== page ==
The Free Motion Quilting Project: How to Clean and Oil Your Machine

Thursday, December 18, 2014

How to Clean and Oil Your Machine

This week I've been quilting like crazy on the new Dream Goddess quilt and realized it was a great time to share a new video on how I maintain my machines.


After I empty 2 bobbins of thread, I stop, brush out the bobbin area, oil the machine, and change the needle. This habit keeps my machines working properly and my stitches looking great, no matter how much I'm quilting.

I learned to maintain my machines this way after sewing 60 - 80 garments a week back in 2005. Doing that level of volume and using very linty thread created loads of dust and lint build up in my machines. After I destroyed two machines (literally locked up the bobbin area with lint) I learned to stop and brush out the machine often.

Changing needles is also something I do often. In fact, if any stitch issue crops up, my first default is to change my needle, even if I JUST changed it yesterday, or an hour ago. A dull or slightly bent needle can create loads of issues, thread breaks, and ugly stitches.

Just in case you're wondering about my machine, I'm now quilting full time on the Juki TL-2010Q. I've been quilting on this machine since August and have found it to be solid, reliable, and the added visibility around the needle has made quilting much easier on my neck and back.

Let's go quilt,

Leah Day

9 comments:

  1. Hello Leah!
    Thanks for the tips!

    I just bought a table for my Bernina to fit down in to. Meaning it will be 3 3/4" lower, which I think will help a lot in avoiding shoulder and back pain. I'm just wondering if you have any tips on proper sitting/position while sewing. Thank you!

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  2. After some back issues (unrelated to sewing) the shoulder & back pain was excruciating when I would sew! I thought I'd have to give up sewing altogether. Thankfully, we found I could stand and sew. After trying it for a couple of weeks, my sweet husband remade my sewing table to standing height. I bought a 1 in. thick anti-fatigue mat and have had good success since.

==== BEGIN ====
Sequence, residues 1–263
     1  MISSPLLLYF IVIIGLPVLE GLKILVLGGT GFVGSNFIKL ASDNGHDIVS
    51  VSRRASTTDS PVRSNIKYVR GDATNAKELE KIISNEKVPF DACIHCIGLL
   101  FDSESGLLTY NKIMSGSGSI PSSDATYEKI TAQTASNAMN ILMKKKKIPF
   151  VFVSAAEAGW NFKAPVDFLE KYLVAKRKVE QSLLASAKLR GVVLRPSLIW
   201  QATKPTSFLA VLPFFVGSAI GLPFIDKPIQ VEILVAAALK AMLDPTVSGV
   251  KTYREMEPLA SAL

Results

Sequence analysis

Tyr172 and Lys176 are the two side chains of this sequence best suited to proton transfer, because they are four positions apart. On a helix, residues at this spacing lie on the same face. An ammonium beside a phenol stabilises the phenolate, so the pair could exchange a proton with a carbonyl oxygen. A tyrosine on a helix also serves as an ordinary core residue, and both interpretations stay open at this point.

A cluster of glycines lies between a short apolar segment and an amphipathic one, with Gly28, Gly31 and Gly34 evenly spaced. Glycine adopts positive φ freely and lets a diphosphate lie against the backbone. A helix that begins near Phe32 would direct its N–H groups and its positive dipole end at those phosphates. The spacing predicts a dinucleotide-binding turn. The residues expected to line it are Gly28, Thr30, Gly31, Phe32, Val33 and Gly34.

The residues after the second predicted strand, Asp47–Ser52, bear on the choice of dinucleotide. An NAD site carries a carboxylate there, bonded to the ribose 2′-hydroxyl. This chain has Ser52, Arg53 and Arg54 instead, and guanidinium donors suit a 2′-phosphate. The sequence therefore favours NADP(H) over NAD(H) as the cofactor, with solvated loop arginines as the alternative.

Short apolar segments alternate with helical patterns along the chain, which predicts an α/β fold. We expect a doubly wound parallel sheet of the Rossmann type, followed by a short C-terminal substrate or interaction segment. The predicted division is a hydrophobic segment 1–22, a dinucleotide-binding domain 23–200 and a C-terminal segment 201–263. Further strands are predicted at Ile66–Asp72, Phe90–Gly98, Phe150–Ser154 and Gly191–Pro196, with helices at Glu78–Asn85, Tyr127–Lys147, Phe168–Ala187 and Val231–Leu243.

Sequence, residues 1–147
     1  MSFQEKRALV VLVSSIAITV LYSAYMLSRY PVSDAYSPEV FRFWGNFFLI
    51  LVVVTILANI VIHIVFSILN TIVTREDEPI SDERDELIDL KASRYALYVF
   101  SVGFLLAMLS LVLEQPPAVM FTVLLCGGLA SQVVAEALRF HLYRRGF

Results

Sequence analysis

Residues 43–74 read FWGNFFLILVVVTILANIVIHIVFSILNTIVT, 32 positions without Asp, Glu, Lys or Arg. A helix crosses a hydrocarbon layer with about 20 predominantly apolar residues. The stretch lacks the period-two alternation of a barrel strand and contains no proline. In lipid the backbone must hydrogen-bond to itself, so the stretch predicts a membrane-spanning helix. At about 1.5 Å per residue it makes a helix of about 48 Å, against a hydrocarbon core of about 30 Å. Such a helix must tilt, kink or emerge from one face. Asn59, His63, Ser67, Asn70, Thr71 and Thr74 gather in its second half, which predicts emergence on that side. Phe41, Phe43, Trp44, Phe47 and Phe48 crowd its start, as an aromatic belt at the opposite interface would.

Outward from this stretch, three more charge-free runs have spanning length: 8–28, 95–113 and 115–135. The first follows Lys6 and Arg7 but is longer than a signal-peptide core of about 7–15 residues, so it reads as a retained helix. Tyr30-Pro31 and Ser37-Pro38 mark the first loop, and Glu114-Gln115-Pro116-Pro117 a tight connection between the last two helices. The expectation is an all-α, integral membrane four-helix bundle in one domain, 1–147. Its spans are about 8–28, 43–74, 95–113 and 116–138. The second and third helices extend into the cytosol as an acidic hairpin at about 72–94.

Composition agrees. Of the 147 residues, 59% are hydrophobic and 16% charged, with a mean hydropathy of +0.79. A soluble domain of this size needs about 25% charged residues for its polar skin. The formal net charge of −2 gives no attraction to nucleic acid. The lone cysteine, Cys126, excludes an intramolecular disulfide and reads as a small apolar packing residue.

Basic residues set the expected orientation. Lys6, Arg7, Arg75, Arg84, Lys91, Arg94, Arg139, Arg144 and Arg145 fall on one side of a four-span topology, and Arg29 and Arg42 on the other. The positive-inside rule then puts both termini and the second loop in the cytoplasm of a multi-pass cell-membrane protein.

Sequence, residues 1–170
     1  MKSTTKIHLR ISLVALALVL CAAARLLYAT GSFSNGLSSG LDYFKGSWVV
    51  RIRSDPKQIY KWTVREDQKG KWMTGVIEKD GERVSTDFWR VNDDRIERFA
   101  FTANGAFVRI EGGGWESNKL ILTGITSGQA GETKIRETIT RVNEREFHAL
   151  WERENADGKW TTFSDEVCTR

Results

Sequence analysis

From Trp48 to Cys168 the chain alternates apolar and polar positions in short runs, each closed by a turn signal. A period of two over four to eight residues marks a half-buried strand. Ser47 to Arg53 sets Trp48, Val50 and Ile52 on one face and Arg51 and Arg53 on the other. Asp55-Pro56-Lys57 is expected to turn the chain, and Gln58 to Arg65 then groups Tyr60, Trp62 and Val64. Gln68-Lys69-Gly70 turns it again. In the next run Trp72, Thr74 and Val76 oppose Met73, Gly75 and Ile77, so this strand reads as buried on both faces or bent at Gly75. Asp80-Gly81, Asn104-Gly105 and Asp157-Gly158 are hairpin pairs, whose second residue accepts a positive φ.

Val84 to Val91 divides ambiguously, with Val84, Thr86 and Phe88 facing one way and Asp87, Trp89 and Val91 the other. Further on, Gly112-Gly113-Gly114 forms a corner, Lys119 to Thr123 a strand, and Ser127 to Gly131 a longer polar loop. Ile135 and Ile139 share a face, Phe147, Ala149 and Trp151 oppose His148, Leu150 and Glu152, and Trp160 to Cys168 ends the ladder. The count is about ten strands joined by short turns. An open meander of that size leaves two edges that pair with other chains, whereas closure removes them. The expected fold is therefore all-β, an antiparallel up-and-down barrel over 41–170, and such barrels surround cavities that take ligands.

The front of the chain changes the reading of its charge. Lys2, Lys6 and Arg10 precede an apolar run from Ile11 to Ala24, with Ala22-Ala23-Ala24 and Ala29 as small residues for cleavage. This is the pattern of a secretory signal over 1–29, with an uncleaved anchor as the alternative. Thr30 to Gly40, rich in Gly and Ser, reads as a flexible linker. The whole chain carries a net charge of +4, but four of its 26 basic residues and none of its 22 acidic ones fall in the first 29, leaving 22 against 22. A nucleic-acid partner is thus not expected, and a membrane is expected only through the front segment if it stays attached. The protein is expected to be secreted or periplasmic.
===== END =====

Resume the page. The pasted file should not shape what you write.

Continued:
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  3. Thanks for the video. I have a couple of questions for you - I've had the same machine for 1.5 years and I oil it frequently as the manual (and you) suggest, but I find sometimes that oil builds up inside the machine. When I open the door to look at the bobbin, the "floor" in front of that area just looks greasy. Is that normal or am I over-oiling it? I use only a drop or 2 at a time, but my drops are bigger because I am using the oil that came with the machine, and the container is not as precise as that little metal dropper you have. Speaking of which, where did you get your oil dropper? I would love something that dripped tiny drops like that.

    Thanks for the video! :)

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    Replies
    1. Great questions! I would lower the amount of oil you are adding to 1 drop, and I would use some q-tips to reach in and clean up some of the grease on the floor. Really having extra oil drip down isn't a big issue (what can it hurt), but the oil on the machine floor could attract lint.

      As for my oil container, I found a 4 pack of little bottles in a Clotilde catalog several years ago (I don't think it's the same name anymore) and the oil I use is Sew Rite clear precision machine oil. I've heard from a repairman many years ago that the oil sold with machines isn't the greatest, but it's better than nothing. If you end up buying some Sew Rite oil, just make sure to store it in a dark place (I keep mine in the back of a cabinet) and it will stay good a very long time.

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    2. Thanks, I'm going to try to find a little dropper like you have that doesn't drip blobs. :) My machine is in the shop right now (so sad!).

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  4. Thanks for encouraging good maintenance. I find it easy to forget. Just curious, how do you dispose of all the needles?

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    Replies
    1. I just throw them in the trash. The trash next to my sewing table is usually filled with fabric and batting scraps anyway so they are bound to get stuck in something and not rip the bag.

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    2. I always save some of the old needle cases and use those to put my used ones in! If I don't have an empty case, I stick or tape it to a piece of cardboard (like a cereal box).

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  5. I've been looking at the Juki 2010Q! Glad you are enjoying it! I would love to see a 'review' of the machine!

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